Then, he who wrote a certain Farewell Address which we count among our few classics, was another man of action. And he who wrote “with malice toward none, with charity for all,” left us in that, as well as in his Gettysburg address, two more classics. Each of those three has written enduring pages more widely known today outside their country, and of more intrinsic weight, than any that I can recall by our men of letters.

    In an interesting tidbit to modern eyes, Wester then references four works of American literature which had achieved some level of international acclaim, three of which are still widely known today — and one of which has been almost completely forgotten.

    It is true that Leatherstockings walked in other lands, that Hester Prynne has made her way beyond English speech, that the gambler of the California mines and the boy on his raft in the Mississippi have voyaged beyond their native shores.

    The first, second, and fourth references were to James Fenimore Cooper’s 1828 The Last of the Mohicans (“Leatherstockings”), Nathaniel Hawthorne’s 1850 The Scarlet Letter (“Hester Prynne”), and Mark Twain’s 1884 Adventures of Huckleberry Finn (“the boy on his raft in the Mississippi”). But what is “the gambler of the California mines”?

    Googling ‘California mines gambler novel,’ the answer appears to be Bret Harte’s 1868 short story The Luck of Roaring Camp, which Wikipedia says “helped push Harte to international prominence.” Maybe at the time, but that’s the one of the four referenced works which has truly faded to obscurity over the years. You never can predict what will last in the cultural zeitgeist.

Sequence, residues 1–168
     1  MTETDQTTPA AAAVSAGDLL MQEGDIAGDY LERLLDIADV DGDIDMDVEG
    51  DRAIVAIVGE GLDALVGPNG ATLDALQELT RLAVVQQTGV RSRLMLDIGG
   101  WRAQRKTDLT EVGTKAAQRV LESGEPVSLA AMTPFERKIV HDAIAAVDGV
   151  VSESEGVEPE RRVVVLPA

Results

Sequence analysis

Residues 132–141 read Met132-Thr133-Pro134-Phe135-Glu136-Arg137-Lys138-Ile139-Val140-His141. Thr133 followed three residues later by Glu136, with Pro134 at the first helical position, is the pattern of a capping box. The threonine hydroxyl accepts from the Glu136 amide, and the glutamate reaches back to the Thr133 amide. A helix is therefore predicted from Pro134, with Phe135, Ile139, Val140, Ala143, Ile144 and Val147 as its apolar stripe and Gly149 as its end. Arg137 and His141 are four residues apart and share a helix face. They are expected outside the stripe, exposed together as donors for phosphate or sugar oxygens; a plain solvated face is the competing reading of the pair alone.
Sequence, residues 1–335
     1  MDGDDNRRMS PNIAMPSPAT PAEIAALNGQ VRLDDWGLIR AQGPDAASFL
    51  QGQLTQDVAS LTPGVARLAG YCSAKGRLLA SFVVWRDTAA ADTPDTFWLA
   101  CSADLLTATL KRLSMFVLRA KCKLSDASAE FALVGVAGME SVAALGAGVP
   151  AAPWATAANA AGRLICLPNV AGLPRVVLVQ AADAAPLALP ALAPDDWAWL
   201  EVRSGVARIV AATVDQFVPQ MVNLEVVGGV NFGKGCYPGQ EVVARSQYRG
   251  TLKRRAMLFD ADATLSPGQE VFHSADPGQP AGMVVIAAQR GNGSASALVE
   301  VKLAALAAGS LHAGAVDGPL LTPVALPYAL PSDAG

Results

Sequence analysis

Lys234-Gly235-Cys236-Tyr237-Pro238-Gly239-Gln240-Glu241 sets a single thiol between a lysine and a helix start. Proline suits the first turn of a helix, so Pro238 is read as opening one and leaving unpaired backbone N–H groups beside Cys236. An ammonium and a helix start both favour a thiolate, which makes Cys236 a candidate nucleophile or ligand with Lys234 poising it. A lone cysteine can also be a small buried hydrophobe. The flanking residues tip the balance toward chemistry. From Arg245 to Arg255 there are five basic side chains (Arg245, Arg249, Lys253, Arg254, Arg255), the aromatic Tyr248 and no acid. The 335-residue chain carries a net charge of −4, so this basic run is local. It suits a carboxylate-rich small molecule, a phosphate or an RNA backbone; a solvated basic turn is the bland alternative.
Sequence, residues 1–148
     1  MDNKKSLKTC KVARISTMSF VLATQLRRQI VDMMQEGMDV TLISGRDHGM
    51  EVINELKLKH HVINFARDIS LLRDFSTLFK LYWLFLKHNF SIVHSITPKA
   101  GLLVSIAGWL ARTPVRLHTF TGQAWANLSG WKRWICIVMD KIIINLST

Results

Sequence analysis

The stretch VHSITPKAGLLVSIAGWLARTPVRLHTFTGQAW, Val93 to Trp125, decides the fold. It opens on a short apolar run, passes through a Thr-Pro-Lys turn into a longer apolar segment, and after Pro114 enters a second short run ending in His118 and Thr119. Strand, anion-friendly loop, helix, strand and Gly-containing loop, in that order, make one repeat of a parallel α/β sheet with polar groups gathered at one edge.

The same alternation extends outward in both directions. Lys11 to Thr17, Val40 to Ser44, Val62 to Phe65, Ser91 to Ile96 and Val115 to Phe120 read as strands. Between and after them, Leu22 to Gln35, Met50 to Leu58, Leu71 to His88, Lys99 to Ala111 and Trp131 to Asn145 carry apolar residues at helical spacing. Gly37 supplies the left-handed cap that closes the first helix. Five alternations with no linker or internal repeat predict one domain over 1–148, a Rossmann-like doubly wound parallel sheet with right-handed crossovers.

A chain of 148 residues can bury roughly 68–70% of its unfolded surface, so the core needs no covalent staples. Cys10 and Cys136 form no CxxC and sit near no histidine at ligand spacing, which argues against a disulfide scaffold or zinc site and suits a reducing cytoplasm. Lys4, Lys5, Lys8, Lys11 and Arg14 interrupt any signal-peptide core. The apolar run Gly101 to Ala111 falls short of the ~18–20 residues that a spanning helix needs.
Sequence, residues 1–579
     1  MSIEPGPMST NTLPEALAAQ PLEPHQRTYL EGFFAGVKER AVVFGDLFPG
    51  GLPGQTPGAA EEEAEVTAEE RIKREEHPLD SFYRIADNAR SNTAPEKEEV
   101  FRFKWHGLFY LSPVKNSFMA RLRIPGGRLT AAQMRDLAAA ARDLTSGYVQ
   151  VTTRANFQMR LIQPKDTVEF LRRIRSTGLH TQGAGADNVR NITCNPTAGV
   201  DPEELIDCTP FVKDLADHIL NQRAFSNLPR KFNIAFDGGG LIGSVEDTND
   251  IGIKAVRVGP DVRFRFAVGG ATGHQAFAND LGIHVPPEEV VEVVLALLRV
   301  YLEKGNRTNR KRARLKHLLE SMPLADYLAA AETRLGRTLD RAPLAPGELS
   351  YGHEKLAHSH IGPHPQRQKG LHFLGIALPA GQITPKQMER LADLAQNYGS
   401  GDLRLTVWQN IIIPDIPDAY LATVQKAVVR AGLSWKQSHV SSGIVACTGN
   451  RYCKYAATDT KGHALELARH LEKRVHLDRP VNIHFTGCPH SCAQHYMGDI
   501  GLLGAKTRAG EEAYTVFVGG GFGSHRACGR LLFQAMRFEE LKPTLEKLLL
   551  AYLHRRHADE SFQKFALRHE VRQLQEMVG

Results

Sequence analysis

From Molière to America (PDF)

    Published: Sunday, April 30, 1922

  • The Woman and the Stick

    In 1922, New York Times Magazine published an opinion column — written by the pseudonymous “A Barbarian Bachelor” — advocating for wife-beating. It seems a safe bet he remained a bachelor for a while after this.

    Woman feels in her natural sphere, and therefore satisfied and happy when she is controlled absolutely by a man. Therefore, for the happiness of both, it it necessary that the man be dominant.

    Outside of all this bunkum about the soul, there is only one way that the superiority of man appeals to woman — and that is physically. To make a woman happy, a man must keep fixed in her mind this physical superiority at all times. The failure of the New York man to do this is resulting in the decadence of the New York woman.

    The way for him to recover his lost position is by the use of the stick.

    By this I mean the actual physical beating of his wife.

    One wonders what the author would think of the NYT’s 2020 Democratic presidential nomination joint endorsement of Elizabeth Warren and Amy Klobuchar.

     

    The Woman and the Stick

    Published: Sunday, March 26, 1922

  • The Wild West’s Own New York

    What place did New York occupy in the American imagination in 1922?

    This piece by Anne O’Hara McCormick acknowledged it was the highest-population city and the country’s cultural capital, but noted that in a nation so geographically large (and still expanding), it couldn’t dominate the nation as some European countries’ political and/or cultural capitals did.

    We read New York papers. We flock to New York shows. We wear New York clothes. We tremble over New York tickers in our business hours and shake to New York jazz in our hours of ease.

    New York has not, it may be, the charm to evoke emotion in the provinces as do older national metropolises. We do not love New York as the English love London. We are not proud of it as the French are proud of Paris. We do not thrill to it as the Italians thrill to Rome.We do not weep over it as the Austrians weep over Vienna.